December 16, 2017
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The Psychology of Vacation

Americans work more than citizens of any other industrialized country, yet we don’t take full advantage of our time off. Here’s how to seize the (vacation) day.

When a relative in England asked how many paid vacation days my job at this magazine offered, she was surprised at my answer: 15. That’s great, considering many of my fellow Gen Yers receive only 10 days off — and many jobs offer no employee benefits such as vacation. Still, she asked, “How do people survive in America?”

As a media producer at a football club in London, she enjoys 24 vacation days every year. Some of her neighbors in mainland Europe fare even better: Workers in France, for one, earn an average of 38. In the United States, the average employee is granted 13 paid days off, according to Expedia.com’s annual Vacation Deprivation Survey. Still, 34 percent of Americans don’t use all of their vacation time, “giving back” an average of three days each year. 

That’s troubling to Caron Leader, a partner and psychotherapist at aha! Architects of Human Awareness (www.ahacounseling.com), an East Side counseling and consulting firm. “The main reason Americans do not use all of our vacation time is that we as a culture do not value down time or relaxing,” she says. “There is a perception that if one is relaxing, they are lazy.”

That perception leads to excessive job-related stress, which in turn costs American businesses $344 billion a year in medical bills, absenteeism, turnover, and training, according to the Chicago Tribune. Leader questions the term “workaholic,” but says she’s seen clients with problems that arise from too much work. “What typically occurs when they try to turn away from work is a sense of loss of purpose or meaning,” she says. “They simply feel lost without this preoccupation in their lives and use it to avoid other issues within themselves.”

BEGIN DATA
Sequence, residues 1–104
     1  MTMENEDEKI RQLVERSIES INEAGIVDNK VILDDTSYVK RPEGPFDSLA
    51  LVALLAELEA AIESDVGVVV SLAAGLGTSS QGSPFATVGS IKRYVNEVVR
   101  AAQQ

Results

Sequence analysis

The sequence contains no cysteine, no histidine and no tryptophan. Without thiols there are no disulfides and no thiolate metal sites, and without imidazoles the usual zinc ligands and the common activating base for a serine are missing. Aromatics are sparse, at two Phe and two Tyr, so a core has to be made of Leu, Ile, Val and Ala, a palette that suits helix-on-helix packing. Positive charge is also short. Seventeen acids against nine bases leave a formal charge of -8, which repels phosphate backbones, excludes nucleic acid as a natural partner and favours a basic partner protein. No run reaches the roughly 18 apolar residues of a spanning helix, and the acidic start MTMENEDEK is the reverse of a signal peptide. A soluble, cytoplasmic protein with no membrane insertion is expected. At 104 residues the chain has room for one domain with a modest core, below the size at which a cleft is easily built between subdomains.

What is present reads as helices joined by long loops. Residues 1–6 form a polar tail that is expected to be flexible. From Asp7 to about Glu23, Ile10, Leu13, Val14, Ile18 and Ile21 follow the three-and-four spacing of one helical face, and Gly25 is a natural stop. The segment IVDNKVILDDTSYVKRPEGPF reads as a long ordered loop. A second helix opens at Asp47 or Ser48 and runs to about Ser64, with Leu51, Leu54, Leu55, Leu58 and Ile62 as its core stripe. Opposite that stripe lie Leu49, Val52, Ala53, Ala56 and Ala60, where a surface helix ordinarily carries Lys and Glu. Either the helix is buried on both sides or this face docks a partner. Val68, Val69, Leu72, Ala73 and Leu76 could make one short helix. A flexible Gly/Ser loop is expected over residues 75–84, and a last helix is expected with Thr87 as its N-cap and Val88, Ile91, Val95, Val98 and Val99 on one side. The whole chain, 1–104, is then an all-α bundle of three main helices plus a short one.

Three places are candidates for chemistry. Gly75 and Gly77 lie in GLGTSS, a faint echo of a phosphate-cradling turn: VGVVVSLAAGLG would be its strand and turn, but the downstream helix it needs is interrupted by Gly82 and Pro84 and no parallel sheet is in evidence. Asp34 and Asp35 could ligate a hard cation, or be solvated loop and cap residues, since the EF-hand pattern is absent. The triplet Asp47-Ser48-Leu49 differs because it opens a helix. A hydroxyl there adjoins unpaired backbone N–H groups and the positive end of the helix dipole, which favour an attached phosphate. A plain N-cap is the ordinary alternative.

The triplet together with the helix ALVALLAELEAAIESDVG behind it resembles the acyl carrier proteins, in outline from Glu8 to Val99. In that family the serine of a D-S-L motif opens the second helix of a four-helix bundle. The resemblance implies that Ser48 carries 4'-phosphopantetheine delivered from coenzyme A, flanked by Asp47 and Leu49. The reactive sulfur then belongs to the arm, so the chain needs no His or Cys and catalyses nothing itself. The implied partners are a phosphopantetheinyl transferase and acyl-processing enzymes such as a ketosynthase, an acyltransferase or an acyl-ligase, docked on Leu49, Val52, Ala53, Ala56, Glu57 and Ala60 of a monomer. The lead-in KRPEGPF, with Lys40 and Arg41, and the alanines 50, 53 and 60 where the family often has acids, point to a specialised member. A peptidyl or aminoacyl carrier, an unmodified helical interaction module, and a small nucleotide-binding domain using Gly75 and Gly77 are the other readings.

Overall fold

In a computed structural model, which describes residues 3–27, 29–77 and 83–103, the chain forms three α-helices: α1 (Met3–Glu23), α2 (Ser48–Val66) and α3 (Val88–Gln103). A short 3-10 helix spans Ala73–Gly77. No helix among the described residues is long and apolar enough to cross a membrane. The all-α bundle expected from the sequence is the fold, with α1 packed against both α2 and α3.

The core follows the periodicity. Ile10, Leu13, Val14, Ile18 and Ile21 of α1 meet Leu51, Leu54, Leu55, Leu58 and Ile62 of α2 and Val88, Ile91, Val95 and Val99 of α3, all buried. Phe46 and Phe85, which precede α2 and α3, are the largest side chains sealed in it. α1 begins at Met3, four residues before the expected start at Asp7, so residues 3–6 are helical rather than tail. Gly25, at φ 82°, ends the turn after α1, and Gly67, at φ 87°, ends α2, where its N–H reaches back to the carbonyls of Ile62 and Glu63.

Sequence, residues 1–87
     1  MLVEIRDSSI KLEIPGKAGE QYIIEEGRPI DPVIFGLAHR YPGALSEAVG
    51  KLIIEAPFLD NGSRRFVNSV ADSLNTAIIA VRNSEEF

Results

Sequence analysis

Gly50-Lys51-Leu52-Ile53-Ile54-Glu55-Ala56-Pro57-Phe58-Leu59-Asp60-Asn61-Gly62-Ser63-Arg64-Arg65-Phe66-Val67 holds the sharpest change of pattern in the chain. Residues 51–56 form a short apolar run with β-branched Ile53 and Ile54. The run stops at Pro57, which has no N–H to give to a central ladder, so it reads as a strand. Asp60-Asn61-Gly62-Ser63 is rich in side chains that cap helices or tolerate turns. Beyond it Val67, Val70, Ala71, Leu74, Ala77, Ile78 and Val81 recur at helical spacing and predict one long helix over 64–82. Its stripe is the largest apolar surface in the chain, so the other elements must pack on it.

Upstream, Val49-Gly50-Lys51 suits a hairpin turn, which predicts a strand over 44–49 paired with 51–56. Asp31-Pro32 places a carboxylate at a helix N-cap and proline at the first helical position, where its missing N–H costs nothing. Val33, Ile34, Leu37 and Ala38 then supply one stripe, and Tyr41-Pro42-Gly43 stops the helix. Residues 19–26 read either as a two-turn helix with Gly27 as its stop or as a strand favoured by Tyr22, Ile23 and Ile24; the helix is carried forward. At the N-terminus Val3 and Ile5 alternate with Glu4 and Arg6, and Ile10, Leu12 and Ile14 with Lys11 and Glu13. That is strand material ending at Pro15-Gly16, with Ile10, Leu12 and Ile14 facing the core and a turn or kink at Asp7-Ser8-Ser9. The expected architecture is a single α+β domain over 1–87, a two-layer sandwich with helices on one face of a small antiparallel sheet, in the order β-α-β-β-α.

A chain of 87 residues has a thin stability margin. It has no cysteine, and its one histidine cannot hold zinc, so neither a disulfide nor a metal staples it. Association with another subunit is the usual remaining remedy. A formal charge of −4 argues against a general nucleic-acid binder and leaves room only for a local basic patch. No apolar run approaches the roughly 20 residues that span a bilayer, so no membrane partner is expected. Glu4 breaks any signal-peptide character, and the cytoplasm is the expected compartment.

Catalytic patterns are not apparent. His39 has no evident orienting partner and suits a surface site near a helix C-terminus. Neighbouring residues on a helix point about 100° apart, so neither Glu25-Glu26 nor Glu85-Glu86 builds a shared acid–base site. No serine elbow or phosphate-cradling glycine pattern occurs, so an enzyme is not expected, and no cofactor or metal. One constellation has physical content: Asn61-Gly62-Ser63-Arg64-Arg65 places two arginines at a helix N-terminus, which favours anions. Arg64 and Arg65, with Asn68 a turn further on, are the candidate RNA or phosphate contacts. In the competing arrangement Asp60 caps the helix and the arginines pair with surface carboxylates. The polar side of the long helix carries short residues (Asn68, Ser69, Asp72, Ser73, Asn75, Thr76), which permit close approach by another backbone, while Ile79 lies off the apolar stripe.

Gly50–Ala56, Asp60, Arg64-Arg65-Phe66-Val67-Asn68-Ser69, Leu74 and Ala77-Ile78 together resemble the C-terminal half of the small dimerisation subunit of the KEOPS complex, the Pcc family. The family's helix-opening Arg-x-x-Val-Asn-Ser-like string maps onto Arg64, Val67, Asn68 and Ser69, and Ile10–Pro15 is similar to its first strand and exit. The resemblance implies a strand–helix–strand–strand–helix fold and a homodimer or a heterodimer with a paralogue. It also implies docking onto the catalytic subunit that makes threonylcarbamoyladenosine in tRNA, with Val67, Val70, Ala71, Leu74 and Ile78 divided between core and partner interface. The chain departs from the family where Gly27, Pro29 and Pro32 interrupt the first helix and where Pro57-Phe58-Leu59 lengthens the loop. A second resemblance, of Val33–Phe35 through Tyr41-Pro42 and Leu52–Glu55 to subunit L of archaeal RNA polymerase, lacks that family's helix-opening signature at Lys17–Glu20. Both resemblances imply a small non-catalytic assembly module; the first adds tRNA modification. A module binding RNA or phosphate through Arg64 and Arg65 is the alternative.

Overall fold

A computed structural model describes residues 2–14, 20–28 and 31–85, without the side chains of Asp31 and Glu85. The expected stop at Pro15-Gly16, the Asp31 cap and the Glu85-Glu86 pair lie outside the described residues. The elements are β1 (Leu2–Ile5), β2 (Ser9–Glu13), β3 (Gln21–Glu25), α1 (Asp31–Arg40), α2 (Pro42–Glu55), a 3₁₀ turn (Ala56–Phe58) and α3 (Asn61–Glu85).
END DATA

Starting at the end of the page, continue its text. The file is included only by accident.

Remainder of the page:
Convinced you need a break? Leader offers these tips for maximizing time off once you’re on vacation. 

Plan ahead. Some times of the year may not be conducive to a restful getaway, so “make sure you take your time off when you can truly relax,” Leader says. Delegate your responsibilities to colleagues so you don’t feel pressured to constantly check in.

Get off the grid. Breaking news: Your Facebook, e-mail, and LinkedIn accounts will be just fine if you log off for a week or two. Leave your computer at home if possible, then turn off gadgets and don’t allow yourself access to them. If you must work, Leader suggests limiting it to 30 minutes or an hour every other day.

Expect the best. Instead of clinging to your smartphone, check it once a day. Better yet, leave your hotel number or other contact information where coworkers can reach you in case of an emergency. “My motto in life is, ‘No news is good news,’” Leader says. “Try to remember if something really needs your attention, someone will contact you.”

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